"It's going to be up to me to get everybody playing time. Anything can happen," said Perlozzo. "I foresee a lot of bouncing around. Everyone's going to have a chance to stay out there every day."

Baltimore optioned catcher Eli Whiteside to Triple-A Ottawa and reassigned six players to its Minor League camp. The only surprise in that list was veteran John Halama, who was expected to stick around as a swingman. The team will stay with six relievers for now, but Perlozzo didn't know how long they'd go with that arrangement.

"I'm not sure how comfortable we are with it right now," he said. "We'll see how it goes."

Masked man: Raul Chavez joined the Orioles on Saturday and was assigned No. 9 -- the old number of Geronimo Gil, his predecessor on Baltimore's bench. He'll serve as a third catcher and virtual insurance policy, allowing Perlozzo to pinch-run or pinch-hit for either of his backstops without worrying about late-game repercussions.

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"Our evaluators thought he was an upgrade for us as a catch-and-throw catcher," said Jim Duquette, Baltimore's vice president of baseball operations. "He was good enough to be a defensive catcher on the National League champions with the Astros.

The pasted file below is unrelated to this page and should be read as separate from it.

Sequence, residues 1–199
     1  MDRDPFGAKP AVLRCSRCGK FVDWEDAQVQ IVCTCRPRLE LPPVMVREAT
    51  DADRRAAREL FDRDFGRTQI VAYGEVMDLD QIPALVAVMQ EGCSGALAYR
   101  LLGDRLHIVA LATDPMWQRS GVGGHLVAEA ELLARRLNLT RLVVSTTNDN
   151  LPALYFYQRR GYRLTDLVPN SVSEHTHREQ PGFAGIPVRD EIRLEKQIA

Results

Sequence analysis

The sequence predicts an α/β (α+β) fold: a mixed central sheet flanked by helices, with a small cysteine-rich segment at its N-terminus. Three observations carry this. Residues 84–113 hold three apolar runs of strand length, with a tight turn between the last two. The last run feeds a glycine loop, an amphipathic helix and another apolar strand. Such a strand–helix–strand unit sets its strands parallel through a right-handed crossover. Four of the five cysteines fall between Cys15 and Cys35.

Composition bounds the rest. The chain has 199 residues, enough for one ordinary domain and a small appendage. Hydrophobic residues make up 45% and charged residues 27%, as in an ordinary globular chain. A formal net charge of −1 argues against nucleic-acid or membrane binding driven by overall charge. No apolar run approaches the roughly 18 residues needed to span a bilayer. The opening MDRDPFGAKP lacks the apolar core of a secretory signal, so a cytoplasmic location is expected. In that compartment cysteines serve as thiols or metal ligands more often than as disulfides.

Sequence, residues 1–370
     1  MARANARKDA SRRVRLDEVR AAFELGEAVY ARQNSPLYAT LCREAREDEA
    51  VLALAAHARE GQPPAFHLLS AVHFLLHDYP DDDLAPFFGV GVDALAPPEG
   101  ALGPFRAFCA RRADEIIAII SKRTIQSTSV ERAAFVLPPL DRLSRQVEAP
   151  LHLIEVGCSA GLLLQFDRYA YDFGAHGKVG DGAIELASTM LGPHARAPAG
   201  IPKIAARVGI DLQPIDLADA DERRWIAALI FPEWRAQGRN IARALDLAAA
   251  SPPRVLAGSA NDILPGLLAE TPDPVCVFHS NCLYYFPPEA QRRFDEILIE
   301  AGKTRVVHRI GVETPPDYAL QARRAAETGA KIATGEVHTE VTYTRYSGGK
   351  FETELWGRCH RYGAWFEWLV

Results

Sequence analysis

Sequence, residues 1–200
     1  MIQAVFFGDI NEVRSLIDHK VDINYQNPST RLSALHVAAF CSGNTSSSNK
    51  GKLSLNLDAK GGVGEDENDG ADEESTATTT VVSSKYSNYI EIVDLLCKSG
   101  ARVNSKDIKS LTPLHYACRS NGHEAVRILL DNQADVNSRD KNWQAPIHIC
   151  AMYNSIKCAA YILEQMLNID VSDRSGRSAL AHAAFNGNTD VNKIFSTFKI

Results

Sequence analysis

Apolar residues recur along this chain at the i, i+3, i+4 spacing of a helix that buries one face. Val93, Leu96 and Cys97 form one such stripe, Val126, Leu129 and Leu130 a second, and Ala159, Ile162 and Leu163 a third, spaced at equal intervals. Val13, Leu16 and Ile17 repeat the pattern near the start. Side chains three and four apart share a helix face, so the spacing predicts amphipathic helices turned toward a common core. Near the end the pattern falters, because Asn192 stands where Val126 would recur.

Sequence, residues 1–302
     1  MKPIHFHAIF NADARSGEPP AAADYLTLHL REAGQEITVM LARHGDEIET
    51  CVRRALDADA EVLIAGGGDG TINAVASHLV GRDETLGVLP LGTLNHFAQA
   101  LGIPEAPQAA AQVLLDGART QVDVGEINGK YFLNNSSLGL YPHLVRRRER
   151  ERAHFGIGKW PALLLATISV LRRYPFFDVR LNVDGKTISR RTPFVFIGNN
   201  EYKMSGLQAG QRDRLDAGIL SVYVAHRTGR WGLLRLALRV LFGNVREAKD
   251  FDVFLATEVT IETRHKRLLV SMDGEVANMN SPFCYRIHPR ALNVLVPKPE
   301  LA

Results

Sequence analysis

"He can shut down the running game, if there's a team like Tampa Bay. Whether this is going to be a long-term move or not, I can't predict."

Here's a sample scenario: If Lopez was starting at designated hitter and Hernandez got hurt, the O's would have to switch Lopez to catcher and lose their DH for the rest of the game. That wasn't as much of a concern a week or two ago, when it appeared that Lopez would start at first base. That's why Gil seemed expendable.